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Researchers Call for New Federal Authority to Regulate Facial-recognition Technology

AMHERST — A group of artificial-intelligence experts, including computer vision researcher and lead author Erik Learned-Miller of the UMass Amherst College of Information and Computer Sciences, recently proposed a new model for managing facial-recognition technologies at the federal level.

In a whitepaper titled “Facial Recognition Technologies in the Wild: A Call for a Federal Office,” the authors propose an FDA-inspired model that categorizes these technologies by degrees of risk and would institute corresponding controls.

“There are a lot of problems with face recognition, like breach of privacy, surveillance, unequal performance across subgroups, and profiling,” Learned-Miller explained. “Due to the high-stakes situations in which this technology is being deployed, such as in police work, financial decision making, and analysis of job applicants, harms from inaccuracies or misuse are a real and growing problem.”

Further, “people have proposed a variety of possible solutions, but we argue that they are not enough. We are proposing a new federal office for regulating the technology. We model it after some of the offices in the Food and Drug Administration for regulating medical devices and pharmaceuticals.”

He said the FDA provides a model or precedent of centralized regulation for managing complex technologies with major societal implications. Such an independent agency would encourage addressing the facial-recognition technology ecosystem as a whole. The whitepaper describing the researchers’ proposal is accompanied by a primer and basic introduction to the terminology, applications, and difficulties of evaluating this complex set of technologies.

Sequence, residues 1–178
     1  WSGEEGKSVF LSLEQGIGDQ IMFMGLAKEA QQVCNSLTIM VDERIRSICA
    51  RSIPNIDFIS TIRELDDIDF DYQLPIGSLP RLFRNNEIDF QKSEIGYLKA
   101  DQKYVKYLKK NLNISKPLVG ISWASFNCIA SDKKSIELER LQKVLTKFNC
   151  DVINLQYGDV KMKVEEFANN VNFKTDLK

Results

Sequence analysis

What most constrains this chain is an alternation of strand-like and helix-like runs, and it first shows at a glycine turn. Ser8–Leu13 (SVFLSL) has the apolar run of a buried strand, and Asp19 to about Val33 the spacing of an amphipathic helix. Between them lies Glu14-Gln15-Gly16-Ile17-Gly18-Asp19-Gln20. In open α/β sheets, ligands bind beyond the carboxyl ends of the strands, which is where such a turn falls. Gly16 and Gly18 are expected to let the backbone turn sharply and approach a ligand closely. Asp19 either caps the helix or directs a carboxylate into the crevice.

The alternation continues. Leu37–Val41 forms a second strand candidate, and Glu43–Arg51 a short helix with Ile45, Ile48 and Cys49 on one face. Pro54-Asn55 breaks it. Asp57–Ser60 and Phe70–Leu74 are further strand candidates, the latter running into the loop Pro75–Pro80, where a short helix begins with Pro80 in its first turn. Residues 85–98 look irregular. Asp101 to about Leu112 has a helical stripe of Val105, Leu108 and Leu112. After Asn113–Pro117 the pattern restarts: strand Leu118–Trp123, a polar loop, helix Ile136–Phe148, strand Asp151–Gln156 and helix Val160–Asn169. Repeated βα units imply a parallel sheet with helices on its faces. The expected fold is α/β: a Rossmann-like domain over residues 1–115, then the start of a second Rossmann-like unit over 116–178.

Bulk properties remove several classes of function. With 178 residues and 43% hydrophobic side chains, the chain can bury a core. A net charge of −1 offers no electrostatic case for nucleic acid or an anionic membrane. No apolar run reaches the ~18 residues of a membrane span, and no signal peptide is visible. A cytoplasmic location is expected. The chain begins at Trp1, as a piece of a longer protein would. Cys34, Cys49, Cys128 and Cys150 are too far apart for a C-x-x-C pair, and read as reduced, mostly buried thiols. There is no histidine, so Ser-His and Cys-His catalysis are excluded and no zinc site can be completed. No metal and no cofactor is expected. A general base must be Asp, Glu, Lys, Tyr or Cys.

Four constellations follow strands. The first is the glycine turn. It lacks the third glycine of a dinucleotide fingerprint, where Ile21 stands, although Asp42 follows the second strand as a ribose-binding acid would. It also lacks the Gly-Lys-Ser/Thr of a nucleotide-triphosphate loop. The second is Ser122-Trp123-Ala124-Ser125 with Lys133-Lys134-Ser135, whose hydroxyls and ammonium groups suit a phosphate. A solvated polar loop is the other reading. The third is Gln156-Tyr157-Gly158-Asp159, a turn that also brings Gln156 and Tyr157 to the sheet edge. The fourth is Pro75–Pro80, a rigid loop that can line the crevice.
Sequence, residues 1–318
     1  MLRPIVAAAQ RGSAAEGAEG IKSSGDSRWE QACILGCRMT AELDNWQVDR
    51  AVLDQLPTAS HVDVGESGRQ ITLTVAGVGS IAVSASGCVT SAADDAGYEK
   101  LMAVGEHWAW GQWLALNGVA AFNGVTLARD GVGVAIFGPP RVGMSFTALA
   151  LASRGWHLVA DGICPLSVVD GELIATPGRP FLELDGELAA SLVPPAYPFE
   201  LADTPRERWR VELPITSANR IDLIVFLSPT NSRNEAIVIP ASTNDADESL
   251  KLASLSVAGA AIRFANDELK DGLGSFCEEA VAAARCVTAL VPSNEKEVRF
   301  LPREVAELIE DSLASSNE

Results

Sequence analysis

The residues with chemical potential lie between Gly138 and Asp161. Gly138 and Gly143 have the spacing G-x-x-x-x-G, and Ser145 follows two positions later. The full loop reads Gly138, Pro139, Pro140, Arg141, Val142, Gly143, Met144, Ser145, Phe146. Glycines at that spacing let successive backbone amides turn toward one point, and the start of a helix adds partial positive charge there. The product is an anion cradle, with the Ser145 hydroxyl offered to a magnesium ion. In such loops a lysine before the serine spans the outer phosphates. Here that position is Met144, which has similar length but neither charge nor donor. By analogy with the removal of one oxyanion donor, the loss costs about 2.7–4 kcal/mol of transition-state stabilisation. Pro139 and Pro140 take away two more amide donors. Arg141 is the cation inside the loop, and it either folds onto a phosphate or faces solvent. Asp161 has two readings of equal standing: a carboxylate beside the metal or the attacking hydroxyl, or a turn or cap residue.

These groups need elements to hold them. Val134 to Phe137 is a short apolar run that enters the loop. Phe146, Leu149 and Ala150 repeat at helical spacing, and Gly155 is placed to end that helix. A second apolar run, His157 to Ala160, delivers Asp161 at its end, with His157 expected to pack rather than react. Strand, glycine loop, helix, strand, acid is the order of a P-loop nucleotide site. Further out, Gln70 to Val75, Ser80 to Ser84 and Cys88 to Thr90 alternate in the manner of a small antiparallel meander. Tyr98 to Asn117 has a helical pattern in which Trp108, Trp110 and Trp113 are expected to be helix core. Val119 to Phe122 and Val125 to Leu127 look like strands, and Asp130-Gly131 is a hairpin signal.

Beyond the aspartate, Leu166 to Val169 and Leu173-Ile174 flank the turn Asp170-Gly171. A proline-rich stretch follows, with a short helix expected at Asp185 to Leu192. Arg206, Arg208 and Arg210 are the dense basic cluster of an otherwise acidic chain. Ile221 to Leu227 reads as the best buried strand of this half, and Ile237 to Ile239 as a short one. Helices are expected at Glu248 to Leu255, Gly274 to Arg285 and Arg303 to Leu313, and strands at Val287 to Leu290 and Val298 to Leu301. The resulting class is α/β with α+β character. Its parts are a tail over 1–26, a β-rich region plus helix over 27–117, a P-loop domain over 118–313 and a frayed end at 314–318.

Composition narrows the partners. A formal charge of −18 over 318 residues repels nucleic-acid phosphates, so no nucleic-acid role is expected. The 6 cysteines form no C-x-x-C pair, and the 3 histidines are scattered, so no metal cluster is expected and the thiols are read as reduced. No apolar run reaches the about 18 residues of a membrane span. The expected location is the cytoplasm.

Learned-Miller’s co-authors are Joy Buolamwini of MIT’s Media Lab and founder of the Algorithmic Justice League, computer scientist Vicente Ordóñez of the University of Virginia, and Jamie Morgenstern at the University of Washington. The project was supported by a grant from the MacArthur Foundation.

The authors write that, while various cities and states have begun to pass laws that provide oversight of facial-recognition technologies, these individual measures are not enough to guarantee the consistent protection of people’s rights or set shared expectations for organizations that buy and sell in the tech market. Although the task is complex, this whitepaper provides actionable recommendations.

Buolamwini said the paper is a starting point for how society might establish redlines and guidelines for a complex range of facial-recognition technologies. “Left unchecked,” the authors write, “they threaten to propagate discrimination and intensify the risks for eroding civil liberties and human rights.”

Last year, Learned-Miller and two others received an award from the International Conference on Computer Vision for work on one of the most influential face datasets in the world, Labeled Faces in the Wild. It has been used by companies like Google and Facebook to test their facial-recognition accuracy.

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